National Geographic has just run an extraordinary story showing, against scientists’ expectations, antarctic ice on the Ross Ice Shelf is growing, not melting. This has profound implications for “consensus” views on global warming and its impact
In an extraordinary article by National Geographic, it is revealed that one of the largest Antarctic ice shelves is growing in size, not melting as scientists had long assumed.
Published on February 16 to little fanfare, the article relates the story of a team of New Zealand scientists who set out on an unprecedented mission last November to explore the West Antarctic ice sheet. The Ross Ice Shelf is by far the largest of a set of floating ice shelves that hold the sheet in place.
“Global sea levels would rise by 10 feet if West Antarctica lost these crucial stabilizers and spilled its ice into the ocean,” the article averred.
But evidence that this could be happening because of melting was not what was found:
“The surprises began almost as soon as a camera was lowered into the first borehole, around December 1.” the article said.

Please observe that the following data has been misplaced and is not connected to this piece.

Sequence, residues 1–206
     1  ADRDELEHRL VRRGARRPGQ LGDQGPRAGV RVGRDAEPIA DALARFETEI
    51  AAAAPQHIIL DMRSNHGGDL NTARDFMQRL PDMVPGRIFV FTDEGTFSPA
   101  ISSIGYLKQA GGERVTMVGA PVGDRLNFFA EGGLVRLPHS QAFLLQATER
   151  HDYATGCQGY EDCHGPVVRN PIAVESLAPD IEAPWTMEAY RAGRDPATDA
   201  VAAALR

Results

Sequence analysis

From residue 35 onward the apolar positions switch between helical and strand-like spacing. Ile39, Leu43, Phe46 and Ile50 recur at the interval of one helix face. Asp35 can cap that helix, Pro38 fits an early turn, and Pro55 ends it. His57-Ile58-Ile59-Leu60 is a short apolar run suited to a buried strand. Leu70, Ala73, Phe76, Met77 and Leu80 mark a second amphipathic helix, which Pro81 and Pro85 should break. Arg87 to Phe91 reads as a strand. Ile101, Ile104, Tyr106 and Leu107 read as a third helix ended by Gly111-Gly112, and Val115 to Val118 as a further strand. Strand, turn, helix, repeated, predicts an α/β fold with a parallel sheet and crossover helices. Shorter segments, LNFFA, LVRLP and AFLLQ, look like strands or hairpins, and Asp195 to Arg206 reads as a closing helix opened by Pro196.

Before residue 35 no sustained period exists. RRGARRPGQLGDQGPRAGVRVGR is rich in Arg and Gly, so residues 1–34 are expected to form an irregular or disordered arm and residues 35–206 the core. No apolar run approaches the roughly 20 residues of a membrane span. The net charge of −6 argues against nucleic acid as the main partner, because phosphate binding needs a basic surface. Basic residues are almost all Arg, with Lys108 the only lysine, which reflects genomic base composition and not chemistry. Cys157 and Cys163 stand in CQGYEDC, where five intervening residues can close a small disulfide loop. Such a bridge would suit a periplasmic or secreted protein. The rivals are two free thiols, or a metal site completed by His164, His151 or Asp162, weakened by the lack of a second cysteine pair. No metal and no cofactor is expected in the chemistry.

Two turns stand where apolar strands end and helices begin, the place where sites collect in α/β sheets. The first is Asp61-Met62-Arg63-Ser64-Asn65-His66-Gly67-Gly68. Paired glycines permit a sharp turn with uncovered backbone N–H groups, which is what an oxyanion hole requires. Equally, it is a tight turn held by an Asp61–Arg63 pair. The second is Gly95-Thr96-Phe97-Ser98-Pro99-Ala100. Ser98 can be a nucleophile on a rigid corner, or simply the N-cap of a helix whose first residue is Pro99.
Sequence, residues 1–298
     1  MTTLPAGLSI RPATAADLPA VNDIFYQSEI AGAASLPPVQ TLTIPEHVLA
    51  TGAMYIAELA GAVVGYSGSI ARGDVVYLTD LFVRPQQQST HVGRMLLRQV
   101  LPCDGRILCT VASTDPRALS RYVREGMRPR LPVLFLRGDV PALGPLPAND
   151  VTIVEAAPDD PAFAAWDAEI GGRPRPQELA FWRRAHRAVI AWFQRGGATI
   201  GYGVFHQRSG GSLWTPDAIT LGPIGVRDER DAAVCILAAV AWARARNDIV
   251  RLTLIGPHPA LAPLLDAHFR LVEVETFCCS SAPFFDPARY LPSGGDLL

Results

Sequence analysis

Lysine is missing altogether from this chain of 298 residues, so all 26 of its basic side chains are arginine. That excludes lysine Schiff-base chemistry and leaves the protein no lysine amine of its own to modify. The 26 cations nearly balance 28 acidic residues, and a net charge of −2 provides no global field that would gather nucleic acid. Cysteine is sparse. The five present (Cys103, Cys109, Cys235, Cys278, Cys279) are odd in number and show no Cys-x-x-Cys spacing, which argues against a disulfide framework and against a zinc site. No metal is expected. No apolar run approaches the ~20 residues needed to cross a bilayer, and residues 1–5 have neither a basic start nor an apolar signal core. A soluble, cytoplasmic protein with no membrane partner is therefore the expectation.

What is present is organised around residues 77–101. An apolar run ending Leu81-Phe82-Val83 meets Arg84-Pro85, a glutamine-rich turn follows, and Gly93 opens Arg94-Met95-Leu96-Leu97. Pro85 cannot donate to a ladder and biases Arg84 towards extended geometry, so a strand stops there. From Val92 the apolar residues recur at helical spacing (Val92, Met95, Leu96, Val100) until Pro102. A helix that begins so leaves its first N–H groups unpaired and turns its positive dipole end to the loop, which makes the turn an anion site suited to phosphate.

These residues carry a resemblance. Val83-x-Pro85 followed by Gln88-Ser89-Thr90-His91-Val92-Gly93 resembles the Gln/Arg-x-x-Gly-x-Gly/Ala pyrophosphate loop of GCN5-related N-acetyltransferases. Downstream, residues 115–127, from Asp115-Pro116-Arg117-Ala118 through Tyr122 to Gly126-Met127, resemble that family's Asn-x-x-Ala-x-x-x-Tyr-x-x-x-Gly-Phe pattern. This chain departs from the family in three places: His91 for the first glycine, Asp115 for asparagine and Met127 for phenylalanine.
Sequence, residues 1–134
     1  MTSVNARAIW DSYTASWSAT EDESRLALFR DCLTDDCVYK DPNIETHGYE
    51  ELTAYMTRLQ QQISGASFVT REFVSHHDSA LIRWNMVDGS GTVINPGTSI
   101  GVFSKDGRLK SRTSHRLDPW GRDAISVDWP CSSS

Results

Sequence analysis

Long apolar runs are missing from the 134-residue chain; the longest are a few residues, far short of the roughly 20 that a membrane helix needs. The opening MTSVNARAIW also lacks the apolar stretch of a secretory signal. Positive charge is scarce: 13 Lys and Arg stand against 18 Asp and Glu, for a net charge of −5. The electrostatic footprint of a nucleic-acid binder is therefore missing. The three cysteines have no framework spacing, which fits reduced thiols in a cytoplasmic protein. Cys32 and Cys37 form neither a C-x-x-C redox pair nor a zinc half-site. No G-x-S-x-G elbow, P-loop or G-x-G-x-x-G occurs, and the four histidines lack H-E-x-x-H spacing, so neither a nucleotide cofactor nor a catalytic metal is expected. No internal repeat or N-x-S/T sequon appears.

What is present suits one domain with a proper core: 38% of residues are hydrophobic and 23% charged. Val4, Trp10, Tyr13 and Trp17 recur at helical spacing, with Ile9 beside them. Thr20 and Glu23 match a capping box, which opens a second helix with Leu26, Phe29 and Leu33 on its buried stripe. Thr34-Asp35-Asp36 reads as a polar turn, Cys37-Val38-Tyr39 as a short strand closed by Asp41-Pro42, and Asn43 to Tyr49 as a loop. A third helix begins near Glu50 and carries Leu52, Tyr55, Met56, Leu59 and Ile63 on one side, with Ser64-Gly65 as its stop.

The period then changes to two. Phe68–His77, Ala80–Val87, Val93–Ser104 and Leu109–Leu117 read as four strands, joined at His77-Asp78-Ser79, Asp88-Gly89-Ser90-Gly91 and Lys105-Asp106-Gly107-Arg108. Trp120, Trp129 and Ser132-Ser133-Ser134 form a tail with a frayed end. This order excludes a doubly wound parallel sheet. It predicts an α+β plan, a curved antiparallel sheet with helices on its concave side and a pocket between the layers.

“The undersides of ice shelves are usually smooth due to gradual melting. But as the camera passed through the bottom of the hole, it showed the underside of the ice adorned with a glittering layer of flat ice crystals—like a jumble of snowflakes—evidence that in this particular place, sea water is actually freezing onto the base of the ice instead of melting it.
‘“It blew our minds,” says Christina Hulbe, a glaciologist from the University of Otago in New Zealand, who co-led the expedition. The Ross Ice Shelf is considered more stable, at present, than many of West Antarctica’s other floating shelves—and this observation could help explain that: if a few inches of sea water periodically freezes onto the bottom of its ice, this could buffer it from thinning more rapidly.”
What also comes out of the article is an indication of how climate science remains a discipline in its infancy, not one from which claims to certainty can easily be made.
“The new holes drilled through the Ross Ice Shelf also provide a more general window into the unknown. Under the ice shelf “is a huge amount of ocean, it’s the volume of the North Sea” between England and Norway, says Hulbe, “and there are almost no measurements” there,” the article said.